Practicing with a partner leads to a better improvement in performance compared to people who practice on their own, a new study reveals, suggesting that this could help people rehabilitate better from a stroke.
Scientists from Imperial College London and two Japanese institutions explored whether physical interaction improved the way people performed in a computer-based task where they were using a joystick-like device. They were connected by a virtual elastic band to the same type of device operated by another person, who was hidden from view.
Most of the participants were unaware that they were working with a partner, but in spite of this they subconsciously used information transmitted through their partner's touch to enhance their performance. Participants achieved noticeably better results in the task when working with a partner than they did working on their own.
The researchers are particularly interested in how their findings could help people performing exercises for rehabilitation, for example when recovering from stroke. Robots are increasingly used for such rehabilitation and physiotherapy and the researchers believe that these robots would be more effective if they could react to patients through touch in the same way that people do. The research could also help people practising sports or other physical activities.
Dr Etienne Burdet, co-author of the study from the Department of Bioengineering at Imperial College London, said: "They say it takes two to tango and it seems that for physical tasks, practising with a partner really does improve performance. Our study is helping us to understand how touch plays a vital and very subtle role in helping people to transmit information to one another. This was the case in our study even when people couldn't see their partner or feel their partner's skin."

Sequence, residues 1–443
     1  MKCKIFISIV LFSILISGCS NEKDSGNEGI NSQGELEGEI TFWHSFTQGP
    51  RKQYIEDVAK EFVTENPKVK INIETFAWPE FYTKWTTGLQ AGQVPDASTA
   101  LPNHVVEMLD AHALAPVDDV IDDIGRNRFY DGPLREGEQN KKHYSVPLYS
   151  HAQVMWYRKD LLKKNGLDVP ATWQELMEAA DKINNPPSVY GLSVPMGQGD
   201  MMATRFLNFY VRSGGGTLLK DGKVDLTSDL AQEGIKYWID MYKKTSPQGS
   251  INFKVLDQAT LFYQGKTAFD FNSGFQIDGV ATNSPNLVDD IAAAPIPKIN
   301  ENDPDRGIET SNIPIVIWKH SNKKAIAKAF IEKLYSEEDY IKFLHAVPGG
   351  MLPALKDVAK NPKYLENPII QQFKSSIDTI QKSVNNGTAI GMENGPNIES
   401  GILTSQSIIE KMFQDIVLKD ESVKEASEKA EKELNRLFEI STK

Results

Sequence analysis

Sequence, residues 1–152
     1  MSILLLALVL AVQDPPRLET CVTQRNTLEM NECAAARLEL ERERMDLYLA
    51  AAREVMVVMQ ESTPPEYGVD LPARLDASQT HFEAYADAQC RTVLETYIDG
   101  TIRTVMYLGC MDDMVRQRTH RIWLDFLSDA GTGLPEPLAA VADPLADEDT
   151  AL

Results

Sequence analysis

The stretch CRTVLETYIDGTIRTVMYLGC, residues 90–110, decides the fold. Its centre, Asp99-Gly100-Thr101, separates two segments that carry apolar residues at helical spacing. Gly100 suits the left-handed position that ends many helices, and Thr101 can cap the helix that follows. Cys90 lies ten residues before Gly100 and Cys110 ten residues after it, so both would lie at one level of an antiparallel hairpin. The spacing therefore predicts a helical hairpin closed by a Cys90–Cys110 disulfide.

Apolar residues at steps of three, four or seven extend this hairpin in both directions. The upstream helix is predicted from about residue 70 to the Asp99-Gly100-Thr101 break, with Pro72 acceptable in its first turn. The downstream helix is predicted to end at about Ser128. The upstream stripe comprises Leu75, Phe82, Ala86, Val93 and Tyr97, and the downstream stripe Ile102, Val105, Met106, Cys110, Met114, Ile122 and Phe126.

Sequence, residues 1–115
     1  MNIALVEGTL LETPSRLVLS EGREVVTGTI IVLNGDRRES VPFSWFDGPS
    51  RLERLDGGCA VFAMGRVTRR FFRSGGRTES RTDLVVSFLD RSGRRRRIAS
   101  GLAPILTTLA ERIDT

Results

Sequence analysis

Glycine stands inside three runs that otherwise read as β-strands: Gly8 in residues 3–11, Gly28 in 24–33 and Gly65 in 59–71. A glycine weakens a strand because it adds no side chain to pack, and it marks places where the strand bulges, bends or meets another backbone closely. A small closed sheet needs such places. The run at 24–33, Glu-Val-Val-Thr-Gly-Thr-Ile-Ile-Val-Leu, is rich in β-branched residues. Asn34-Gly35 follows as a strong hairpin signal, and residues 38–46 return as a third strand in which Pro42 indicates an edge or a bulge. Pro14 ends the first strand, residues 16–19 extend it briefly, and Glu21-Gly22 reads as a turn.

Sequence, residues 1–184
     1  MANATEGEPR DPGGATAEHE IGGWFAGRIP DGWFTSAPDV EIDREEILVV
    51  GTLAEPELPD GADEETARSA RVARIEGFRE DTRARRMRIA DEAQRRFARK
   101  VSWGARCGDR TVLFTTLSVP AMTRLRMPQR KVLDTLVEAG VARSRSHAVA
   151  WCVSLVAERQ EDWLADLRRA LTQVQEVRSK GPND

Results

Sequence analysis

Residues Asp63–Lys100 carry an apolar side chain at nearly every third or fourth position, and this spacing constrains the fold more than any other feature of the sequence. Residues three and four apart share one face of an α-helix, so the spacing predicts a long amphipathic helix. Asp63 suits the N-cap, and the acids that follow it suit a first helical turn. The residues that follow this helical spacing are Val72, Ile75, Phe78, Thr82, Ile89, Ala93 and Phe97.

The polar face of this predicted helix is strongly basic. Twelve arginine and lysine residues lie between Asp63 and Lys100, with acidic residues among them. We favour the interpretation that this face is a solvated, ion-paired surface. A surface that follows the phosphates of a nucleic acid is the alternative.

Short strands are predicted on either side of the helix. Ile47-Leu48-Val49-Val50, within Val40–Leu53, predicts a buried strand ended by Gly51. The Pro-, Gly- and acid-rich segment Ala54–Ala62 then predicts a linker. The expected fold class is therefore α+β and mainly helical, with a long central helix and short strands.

In the study, the researchers discovered that where one person was physically connected to a partner when learning a task, they consistently improved their performance regardless of how well their partner performed.
Even an intermittent physical connection between partners was found by the researchers to help individuals to learn the task better than subjects who practised the task alone for the same duration.
The team also found that when practising a task, the improvement in performance was most prominent when the partners were at a similar level, and that interacting with peers was more beneficial than working with an expert.
Improvements were most noticeable when the individual was practising with another human and not a robot.
Atsushi Takagi, PhD student and co-author of the study from the Department of Bioengineering at Imperial College London, said: "Humans are intensely social creatures and it is no surprise that we've developed non-verbal communication techniques to help us improve the way we carry out tasks. Touch is an essential tool in our communication arsenal. It's fascinating that this kind of communication can be so powerful even when people can't see each other. Excitingly, getting robotic devices to mimic this process could help people make bigger improvements when they are carrying out exercises in rehabilitation."
The team reached their conclusions by carrying out experimental sessions with 68 volunteers who operated a joystick-like robotic device to move a cursor, in an effort to track a randomly moving target on a screen.
Each session consisted of an equal number of single and dual trials. In the single trials each individual performed the tracking alone, while in the dual trials the candidates were connected by a virtual elastic band that connected the hands of the partners during the trial. The sequence of the trials was pre-determined and unknown to the subjects and most of the volunteers did not deduce that they were connected to a partner. Although they could feel the force of their partner during the trial, they were still able to make independent movements.